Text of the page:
Springfield Police Chief Don Kliment has quietly beefed up drug enforcement both inside and outside the department. Not only has he doubled the manpower of SPD’s narcotics unit, he has also instituted a random drug testing procedure for current officers, causing cops to be subjected for the first time ever to the surprise call to submit a urine sample.
Previously, patrol officers could be tested for drugs or alcohol only “for just cause.” The new testing plan was negotiated with the Policemen’s Benevolent and Protective Agency Unit 5, the union representing patrol officers, and written into their current contract.
“We decided to invoke it about six times a year, with about eight officers at a time,” Kliment says.
The first random tests, involving eight officers, were conducted in December; a second batch of eight officers was tested earlier this month. So far, “all clean,” Kliment says.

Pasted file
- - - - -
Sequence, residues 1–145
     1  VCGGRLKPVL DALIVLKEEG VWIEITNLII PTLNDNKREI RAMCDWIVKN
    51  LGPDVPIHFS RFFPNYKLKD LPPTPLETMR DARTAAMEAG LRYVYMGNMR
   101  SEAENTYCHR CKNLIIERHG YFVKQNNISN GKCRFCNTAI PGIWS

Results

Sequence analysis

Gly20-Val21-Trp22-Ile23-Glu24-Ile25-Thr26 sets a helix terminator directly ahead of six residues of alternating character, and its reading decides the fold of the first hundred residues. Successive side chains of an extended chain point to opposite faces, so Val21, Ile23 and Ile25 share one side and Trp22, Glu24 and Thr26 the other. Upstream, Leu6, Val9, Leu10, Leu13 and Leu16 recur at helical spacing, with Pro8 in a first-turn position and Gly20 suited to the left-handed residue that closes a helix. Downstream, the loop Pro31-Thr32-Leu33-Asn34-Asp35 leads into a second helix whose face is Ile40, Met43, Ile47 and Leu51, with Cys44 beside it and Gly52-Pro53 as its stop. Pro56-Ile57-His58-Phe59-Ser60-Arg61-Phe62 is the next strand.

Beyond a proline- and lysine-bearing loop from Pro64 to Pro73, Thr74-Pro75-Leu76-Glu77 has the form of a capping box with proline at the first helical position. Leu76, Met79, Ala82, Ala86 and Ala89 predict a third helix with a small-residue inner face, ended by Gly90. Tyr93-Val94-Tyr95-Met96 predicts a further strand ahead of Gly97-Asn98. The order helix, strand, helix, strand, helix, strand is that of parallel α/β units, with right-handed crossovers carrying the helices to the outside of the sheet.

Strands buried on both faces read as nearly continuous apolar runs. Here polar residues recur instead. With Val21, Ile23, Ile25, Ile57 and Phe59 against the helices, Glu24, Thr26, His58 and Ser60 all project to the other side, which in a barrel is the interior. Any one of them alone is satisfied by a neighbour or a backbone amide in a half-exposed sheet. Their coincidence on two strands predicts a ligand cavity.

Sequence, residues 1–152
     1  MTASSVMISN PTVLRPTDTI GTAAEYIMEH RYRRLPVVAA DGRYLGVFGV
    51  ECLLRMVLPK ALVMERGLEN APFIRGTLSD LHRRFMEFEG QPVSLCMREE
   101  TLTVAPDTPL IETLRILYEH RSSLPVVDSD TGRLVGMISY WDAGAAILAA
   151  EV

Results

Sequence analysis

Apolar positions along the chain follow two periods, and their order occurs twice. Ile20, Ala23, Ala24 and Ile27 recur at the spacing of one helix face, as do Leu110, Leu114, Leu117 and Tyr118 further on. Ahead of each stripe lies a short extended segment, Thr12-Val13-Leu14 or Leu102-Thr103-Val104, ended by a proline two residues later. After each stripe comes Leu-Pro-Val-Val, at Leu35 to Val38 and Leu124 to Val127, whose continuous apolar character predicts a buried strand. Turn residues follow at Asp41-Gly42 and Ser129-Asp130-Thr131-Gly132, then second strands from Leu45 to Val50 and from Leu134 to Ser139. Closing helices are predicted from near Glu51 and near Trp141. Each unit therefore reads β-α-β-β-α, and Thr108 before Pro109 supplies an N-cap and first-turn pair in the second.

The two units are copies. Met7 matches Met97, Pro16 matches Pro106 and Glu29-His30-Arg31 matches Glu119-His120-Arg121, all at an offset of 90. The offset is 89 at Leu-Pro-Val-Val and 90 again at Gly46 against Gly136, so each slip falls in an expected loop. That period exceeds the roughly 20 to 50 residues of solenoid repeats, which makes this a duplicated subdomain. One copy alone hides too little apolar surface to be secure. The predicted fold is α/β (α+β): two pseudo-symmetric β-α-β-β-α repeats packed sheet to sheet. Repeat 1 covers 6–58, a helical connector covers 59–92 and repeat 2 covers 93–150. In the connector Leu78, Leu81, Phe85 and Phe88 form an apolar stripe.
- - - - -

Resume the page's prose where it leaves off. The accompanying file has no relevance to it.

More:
Officers are selected by a computer program run by the testing company ChoicePoint. The computer produces a list of 20 names, and sends it to Pat Fogleman, the deputy chief. Fogleman starts at either the top or bottom of the list (he switches each time), and begins contacting the first eight officers working. The chosen eight receive hand-delivered notices that they’ve been selected through a “random lottery process.” Their prize: an order to report to the testing facility and rendezvous in a bathroom with a specimen bottle.
The notice states that refusal to submit to testing makes the officer “subject to discipline,” but so far, no one has refused, Fogleman says.
Meanwhile, Kliment has also strengthened his department’s efforts to fight drugs in the community. He has added more officers to the narcotics unit, which was a target of criticism during the 2003 city elections. Soon after Mayor Tim Davlin took office, then-chief John Harris increased the manpower from two officers to four plus a sergeant. Last month, Kliment added a second sergeant and two more officers, bringing the unit up to seven officers.